Love London Love Culture rounds up the reviews this new interpretation of The Jungle Book directed by Andy Serkis. 

IGN: “Director Andy Serkis’ Mowgli intentionally avoids any such cuddliness in favor of a less playful coming of age story set in a world full of danger, where learning to keep your guard up is a key lesson for survival.”

The Observer: *** “There’s rather too much peril and bleeding animal trauma for it to work for a family audience without horrifying younger members. But the association with The Jungle Book means that I can’t imagine adult audiences flocking to see it. It’s a pity, because this is a visually striking, technologically impressive picture.”

The Guardian: ** “The new idea is a new transgression, a new interpretation of the law of the jungle, a loyalty crisis between Mowgli and the other animals, which puts the “man village” in front of the camera with some actual non-CGI human actors – making this seem like a superhero origin story.”

Vulture.com: “the portent and violence of Mowgli never feel fashionable, or contrived. The film reminds you that the jungle is a terrifying place, that nature is cruel, and humans even crueler.”

Empire: ** “It’s a brave effort, giving a darker take on the story of Mowgli, a survival tale with teeth bared and blood under its nails, but for all its fight it comes off inferior to Disney’s film in every respect.”

www.rogerebert.com: ** “Serkis is clearly a master of this filmmaking technology, as evidenced by the many scenes that integrate actual humans and CG animals in action that’s presented in a single, long take, with no cuts (the best of these is a scene involving Kaa that takes an otherworldly turn). But the unrelenting grimness sits oddly with the slapstick comedy (particularly the early bits involving the monkeys) and some goofy supporting character voices.”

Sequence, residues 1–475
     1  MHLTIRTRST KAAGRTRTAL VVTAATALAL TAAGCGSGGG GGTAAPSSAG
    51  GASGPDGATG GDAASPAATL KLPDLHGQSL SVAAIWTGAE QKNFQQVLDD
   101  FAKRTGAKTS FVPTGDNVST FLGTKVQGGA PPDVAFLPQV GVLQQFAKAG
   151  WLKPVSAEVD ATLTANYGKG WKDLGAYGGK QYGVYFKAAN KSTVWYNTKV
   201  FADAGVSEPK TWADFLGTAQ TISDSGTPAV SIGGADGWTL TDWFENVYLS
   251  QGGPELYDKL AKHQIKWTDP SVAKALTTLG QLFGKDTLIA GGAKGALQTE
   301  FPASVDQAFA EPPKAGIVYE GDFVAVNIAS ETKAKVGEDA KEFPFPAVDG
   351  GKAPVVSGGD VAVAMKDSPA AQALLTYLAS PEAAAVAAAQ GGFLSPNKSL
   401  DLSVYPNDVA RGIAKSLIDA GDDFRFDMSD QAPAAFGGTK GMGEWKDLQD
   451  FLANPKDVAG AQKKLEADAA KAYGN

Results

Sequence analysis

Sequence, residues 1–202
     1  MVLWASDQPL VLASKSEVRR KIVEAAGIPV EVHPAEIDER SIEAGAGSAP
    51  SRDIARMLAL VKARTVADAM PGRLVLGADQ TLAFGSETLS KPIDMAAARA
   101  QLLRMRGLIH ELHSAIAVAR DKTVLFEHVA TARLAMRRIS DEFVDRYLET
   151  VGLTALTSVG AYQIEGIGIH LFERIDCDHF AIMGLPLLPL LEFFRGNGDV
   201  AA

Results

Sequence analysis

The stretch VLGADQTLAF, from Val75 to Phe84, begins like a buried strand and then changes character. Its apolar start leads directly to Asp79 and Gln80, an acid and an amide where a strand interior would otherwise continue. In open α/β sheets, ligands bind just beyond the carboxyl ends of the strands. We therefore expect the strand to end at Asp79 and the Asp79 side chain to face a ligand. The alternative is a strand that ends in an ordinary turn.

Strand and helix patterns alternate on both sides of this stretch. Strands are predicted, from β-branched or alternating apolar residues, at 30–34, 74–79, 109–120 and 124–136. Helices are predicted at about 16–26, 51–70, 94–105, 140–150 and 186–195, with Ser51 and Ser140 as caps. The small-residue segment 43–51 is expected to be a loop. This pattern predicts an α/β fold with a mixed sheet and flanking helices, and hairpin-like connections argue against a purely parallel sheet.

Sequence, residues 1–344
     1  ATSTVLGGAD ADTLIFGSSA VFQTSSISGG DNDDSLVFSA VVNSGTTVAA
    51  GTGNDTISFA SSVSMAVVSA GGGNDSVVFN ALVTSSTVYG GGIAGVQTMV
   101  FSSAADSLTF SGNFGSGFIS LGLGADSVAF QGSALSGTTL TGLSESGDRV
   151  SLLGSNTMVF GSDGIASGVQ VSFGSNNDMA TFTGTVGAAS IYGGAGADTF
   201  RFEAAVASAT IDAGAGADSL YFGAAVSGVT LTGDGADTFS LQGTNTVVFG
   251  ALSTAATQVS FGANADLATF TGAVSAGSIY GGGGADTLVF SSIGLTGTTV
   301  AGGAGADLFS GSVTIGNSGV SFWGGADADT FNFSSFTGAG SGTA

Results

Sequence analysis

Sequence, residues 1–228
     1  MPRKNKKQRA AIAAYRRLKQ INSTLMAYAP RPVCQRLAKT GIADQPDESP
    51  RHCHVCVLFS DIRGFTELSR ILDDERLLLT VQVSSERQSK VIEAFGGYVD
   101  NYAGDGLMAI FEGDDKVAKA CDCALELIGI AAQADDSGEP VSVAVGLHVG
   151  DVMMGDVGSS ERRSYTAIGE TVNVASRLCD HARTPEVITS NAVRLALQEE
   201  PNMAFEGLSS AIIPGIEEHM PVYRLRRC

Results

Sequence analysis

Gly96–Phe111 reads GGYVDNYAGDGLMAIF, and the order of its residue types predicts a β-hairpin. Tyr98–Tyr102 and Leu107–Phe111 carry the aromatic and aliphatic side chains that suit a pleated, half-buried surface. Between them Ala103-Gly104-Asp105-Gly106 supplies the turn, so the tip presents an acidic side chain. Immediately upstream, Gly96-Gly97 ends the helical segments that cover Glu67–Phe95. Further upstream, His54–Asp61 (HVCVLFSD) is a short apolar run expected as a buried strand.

The Telegraph: ** “Not that the animal effects are unconvincing: they just feel dated on arrival, and not a patch on Imaginarium’s recent ape-work.  The use of performance capture also means the characters take after their human counterparts to an uncanny degree.”

Radio Times: ” Staying faithful to the source material can’t cover up the fact that this is a version that has been better told elsewhere.”

Hollywood Reporter: “There’s certainly an overriding surreal beauty in cinematographer Michael Seresin’s verdant visuals, but despite the efforts of three editors (Mark Sanger, Alex Marquez and Jeremiah O’Driscoll) to cobble the production into a cohesive whole, Mowgli: Legend of the Jungle isn’t one for the books.”

Den of Geek: *** ” Serkis’ version has the distinct disadvantage of being the second one to contend for the public’s attention. Everyone knows there’s only one king of the jungle — and in this case it’s a mouse.”

The Wrap: “While Serkis and his team tried to separate his retelling from the others, the experiments and extras did not always work out. With any luck, Serkis can go back to the drawing board with a better script and a better sense of the story he wants to tell.”

The Times: **** ” If you have ever imagined what it would be like to mix a Martin Scorsese gang movie with a computer-animated jungle flick then look no further.”

Mowgli: Legend of The Jungle is available to watch on Netflix now. 

 

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